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Breakthrough Brings Doctors Step Closer to Opioid Alternative 8 Mar 2018

Breakthrough Brings Doctors Step Closer to Opioid Alternative

In the year 2016, the opioid epidemic took the lives of over 60,000 Americans alone, and the death toll shows no sign of stopping. However, in the last two months, a group of scientists has reported finding a potential opioid alternative that could be the answer to the opioid problem.

The Opioid Epidemic

Every year, billions of prescription opioid medications are sold in the U.S. and some states have a population of pills that triples, and even quadruple the human headcount. For example, between the years 2006 and 2016, out of state drug companies shipped over 21 million opioid pills to a town in West Virginia where the population of the town was under 3,000.

So it is no coincidence that West Virginia has ranked in as the highest overdose state on record so far, and in West Virginia alone, the death rate by opioid overdose is 48.3 out of every 100,000 people, according to the Centers for Disease Control and Prevention.  

Some people say it is the communities that are to blame, while others are taking legal matters into their own hands. Multiple states have signed onto a massive lawsuit against pharmaceutical companies such as Purdue, Johnson & Johnson, and Teva, to counteract the funding that has been needed to deal with the overdose deaths in major cities.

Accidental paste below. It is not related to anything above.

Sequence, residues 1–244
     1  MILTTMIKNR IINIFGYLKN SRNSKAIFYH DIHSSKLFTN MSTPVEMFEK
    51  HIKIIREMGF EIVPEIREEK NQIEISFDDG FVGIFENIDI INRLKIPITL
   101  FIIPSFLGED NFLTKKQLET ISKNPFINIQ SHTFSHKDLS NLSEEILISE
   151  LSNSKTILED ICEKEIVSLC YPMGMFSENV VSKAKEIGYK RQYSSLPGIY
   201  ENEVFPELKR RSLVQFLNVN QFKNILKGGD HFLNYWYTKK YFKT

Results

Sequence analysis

One major question on everyone’s minds is, why aren’t there any opioid alternatives that are nonaddictive?

The Kappa Opioid Receptor

According to the group of scientists working out of the UNC School of Medicine have recently discovered that a previously known receptor protein in the brain successfully binds to molecules related to morphine.

Apparently, this particular structure, called the Kappa Opioid Receptor, could be the answer in creating an opioid alternative in the future. While the protein has long been known to be one of four receptors in the brain that reacts to opioids, this one is believed to not be associated with addictive tendencies.

However, while the protein does show signs of being able to trigger pain killing effects, it does have some potential downsides to it as well.

“There is a suggestion that targeting certain parts of the (Kappa) receptor would be more beneficial and others would basically trigger hallucinations, dysphoria, that sort of thing,” states Bryan Roth of UNC-Chapel Hill, who is a co-author of this new research.

According to the researchers, this particular protein structure, while possibly being the next big star on the opioid alternative horizon, could also have some pretty alarming side effects. In contrast to the opioids for sale now, which usually come with constipation, withdrawal side effects, and addictive tendencies, this new structure could cause hallucinations, feelings of unease, and more unknowns.

The Long Term Goal

Unlike other opioid medications, the researchers in charge of developing and studying the Kappa Opioid receptor, and eventually marketing it as a non-addictive opioid alternative, don’t plan to release it anytime soon.